Cycling – A low impact sport!
Protect your knees and ride for years longer!
Most riders get into cycling because it is a low impact sport and there is very little stress on the joints. Whether this is because of an injury from another sport, an age thing ( as we get older other sports put more stress on our joints) or a weight thing (cycling is also very good for you if you are carrying a few extra pounds)! However, the knees can suffer! On average your legs rotate 5000 times per hour and as you can imagine thats a lot of work for you knees to do. Knee pain or injury is the most common complaint us cyclists have but is also very easy to avoid.
Here are my top 5 ways of looking after your knees.
- Don’t mash the big ring. Riding in a big gear at a cadence of 50-60 rpm puts a massive load on your knees. Some coaches recommend that you ride like this for leg strength work but don’t over do it! Easy gears and spinning your legs is much better for your knees!
- Cleats. Make sure that your cleats are correctly positioned on your shoe. If they are slightly out of line then this will also put undue pressure on the knee as your leg will be slightly twisted to compensate for a bad cleat position which a 5000 revs per hour is a lot of extra/unnecessary stress/load through the knee.
- Bike Set Up. Poor bike set up can also reap havok with your knees. Saddle too low and the muscle above the knee cap will be over worked and cause knee pain. Saddle too high and the hips will be rocking when you pedal as you over extend your leg at the bottom of the pedal stroke and this usually gives you pain in the back of the knee. So roughly when you pedals are at 6 & 12 o’clock position place your heal on the pedal at 6 o’clock straighten your leg adjust saddle height so your heal is on the pedal and your bum on the saddle, then when you place the ball of your foot on the pedal you’ll have a natural bend in your leg which will protect your knee. Finally, when pedalling try to keep both knees equal distance from the top tube, roughly 2-3 finger widths, so that your legs, knees and feet are in line whilst pedalling. I see a lot of riders where one knee hangs out to the side. Again this puts undue force through the knee (& it’s not very aero either). Investing in a professinal bike fit could be money well spent and keep you riding for many more years!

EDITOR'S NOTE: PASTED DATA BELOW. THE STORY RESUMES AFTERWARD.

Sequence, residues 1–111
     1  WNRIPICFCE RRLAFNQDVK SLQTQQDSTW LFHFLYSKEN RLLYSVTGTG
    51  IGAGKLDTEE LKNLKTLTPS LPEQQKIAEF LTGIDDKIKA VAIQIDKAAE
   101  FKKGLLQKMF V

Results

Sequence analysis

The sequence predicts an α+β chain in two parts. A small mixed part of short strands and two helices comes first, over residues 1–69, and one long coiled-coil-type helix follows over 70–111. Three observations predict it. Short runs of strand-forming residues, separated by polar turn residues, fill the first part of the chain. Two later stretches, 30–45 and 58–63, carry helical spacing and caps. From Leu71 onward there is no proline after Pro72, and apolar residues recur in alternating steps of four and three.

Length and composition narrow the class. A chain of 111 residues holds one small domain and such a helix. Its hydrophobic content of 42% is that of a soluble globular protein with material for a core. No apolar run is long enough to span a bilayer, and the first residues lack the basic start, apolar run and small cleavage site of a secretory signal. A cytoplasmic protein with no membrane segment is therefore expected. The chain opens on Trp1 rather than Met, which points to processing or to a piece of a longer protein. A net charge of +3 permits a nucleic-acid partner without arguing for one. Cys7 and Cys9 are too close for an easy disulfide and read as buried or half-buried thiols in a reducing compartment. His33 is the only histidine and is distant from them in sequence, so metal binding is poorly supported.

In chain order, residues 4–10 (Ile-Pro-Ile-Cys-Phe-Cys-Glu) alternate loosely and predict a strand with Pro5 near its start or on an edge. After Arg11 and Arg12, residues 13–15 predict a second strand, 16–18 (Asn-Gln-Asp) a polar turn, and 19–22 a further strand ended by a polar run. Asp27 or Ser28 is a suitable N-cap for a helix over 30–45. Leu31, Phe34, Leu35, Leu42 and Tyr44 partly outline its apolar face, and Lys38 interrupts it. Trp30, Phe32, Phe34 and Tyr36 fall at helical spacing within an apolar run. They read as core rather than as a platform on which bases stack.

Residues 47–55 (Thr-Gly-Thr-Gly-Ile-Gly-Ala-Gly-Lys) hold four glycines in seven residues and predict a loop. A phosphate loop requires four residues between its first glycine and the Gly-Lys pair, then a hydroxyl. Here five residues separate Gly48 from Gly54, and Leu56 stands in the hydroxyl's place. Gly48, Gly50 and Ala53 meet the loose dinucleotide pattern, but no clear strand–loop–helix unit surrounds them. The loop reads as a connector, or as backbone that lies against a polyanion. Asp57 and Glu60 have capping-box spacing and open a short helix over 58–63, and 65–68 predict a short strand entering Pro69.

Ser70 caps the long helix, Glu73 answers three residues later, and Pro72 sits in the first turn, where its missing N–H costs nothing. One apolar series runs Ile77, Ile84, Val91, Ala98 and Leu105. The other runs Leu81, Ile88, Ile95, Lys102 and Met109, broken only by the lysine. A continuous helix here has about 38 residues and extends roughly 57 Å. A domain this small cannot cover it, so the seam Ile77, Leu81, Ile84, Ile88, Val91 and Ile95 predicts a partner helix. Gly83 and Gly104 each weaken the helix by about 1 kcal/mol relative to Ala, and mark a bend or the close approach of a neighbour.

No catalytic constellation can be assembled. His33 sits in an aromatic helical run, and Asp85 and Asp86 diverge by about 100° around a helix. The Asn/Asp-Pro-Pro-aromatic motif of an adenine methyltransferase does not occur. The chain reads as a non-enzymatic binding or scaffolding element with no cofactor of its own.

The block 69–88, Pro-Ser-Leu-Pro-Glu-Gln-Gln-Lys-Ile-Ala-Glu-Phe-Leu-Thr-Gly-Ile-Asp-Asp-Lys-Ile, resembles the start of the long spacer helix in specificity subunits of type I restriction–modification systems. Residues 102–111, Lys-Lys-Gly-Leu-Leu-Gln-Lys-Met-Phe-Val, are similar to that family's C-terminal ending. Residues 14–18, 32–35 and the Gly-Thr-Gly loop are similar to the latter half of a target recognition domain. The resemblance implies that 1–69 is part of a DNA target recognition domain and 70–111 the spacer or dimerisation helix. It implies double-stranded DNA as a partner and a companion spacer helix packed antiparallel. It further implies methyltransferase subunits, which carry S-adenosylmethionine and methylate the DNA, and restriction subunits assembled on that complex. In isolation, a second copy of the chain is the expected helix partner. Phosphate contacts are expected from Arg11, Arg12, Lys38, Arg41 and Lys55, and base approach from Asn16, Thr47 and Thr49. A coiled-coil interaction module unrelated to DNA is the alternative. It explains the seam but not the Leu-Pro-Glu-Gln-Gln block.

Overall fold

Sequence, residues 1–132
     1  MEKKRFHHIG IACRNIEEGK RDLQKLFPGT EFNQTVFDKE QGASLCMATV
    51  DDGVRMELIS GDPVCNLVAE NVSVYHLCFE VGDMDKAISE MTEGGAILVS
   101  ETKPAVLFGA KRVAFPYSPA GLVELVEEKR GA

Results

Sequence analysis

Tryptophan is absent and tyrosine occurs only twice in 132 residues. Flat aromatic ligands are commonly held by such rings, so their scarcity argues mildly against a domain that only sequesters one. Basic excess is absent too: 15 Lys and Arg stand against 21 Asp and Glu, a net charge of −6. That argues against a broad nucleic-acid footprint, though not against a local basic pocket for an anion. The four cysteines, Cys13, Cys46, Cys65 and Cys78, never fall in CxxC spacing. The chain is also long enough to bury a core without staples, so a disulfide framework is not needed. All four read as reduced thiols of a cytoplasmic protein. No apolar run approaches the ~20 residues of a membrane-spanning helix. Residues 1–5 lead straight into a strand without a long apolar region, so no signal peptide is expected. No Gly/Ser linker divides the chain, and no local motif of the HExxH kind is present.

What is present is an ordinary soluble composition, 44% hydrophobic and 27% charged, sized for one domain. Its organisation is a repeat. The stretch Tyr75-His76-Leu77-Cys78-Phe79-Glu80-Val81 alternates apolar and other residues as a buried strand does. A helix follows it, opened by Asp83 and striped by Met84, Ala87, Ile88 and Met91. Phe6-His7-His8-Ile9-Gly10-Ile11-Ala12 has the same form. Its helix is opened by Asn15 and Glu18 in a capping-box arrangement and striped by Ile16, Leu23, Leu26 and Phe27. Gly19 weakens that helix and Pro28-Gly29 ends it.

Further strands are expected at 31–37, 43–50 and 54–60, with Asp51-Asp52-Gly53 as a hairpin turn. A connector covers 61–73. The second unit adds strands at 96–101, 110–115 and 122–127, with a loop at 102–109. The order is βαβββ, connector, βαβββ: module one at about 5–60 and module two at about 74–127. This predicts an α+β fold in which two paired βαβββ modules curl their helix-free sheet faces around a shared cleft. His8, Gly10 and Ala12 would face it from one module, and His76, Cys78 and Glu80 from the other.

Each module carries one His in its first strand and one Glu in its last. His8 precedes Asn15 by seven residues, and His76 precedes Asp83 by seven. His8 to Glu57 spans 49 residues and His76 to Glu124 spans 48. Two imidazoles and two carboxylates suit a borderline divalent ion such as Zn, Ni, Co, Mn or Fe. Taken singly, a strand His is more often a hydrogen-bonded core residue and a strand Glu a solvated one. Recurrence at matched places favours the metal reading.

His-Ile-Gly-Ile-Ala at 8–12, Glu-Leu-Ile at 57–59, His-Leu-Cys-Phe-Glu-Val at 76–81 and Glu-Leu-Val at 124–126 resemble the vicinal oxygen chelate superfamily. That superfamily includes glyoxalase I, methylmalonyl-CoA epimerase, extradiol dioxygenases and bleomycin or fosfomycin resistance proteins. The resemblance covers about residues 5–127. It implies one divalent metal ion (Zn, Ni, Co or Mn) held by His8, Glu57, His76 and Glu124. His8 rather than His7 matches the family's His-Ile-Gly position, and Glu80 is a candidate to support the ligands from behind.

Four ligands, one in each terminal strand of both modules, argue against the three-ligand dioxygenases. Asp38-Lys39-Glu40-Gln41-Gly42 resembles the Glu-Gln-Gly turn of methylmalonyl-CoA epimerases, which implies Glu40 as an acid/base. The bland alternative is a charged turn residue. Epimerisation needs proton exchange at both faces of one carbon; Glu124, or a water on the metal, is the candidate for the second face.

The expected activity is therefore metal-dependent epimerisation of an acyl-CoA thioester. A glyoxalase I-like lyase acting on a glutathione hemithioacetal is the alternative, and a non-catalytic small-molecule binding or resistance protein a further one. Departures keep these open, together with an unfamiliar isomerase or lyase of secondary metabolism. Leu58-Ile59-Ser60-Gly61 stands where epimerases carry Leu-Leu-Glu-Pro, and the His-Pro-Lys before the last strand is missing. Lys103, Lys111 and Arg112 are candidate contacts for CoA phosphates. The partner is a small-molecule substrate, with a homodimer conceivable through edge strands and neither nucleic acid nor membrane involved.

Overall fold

- Avoid massive jumps in ride distance. If you usually ride 50km a ride don’t suddenly start riding 100km as this too will affect your knees. You need to gradually increase your ride distances, by 15-20k per week, so your knees and legs build in strength gradually to avoid excessive strain due to big jumps in ride distances.
- Unclip when stopped. Speaking from a bad habit I got into whilst guiding, I used to unclip with one foot and leave the other clipped in and then turn around to chat to the group. This twisted my knee and caused some mild irritation but it also broke the cleat within my MTB shoes as the twisting movement meant that over time the metal plate in the shoe that held the cleat on became loose until one day I couldn’t unclip and yes I fell off, smacking my knee in the process (double whammy). So unclip with both feet when you stop to chat!
Finally, good core strength will help keep your body in a good position whilst riding, especially as you increase your distance, and this will also help protect the knees.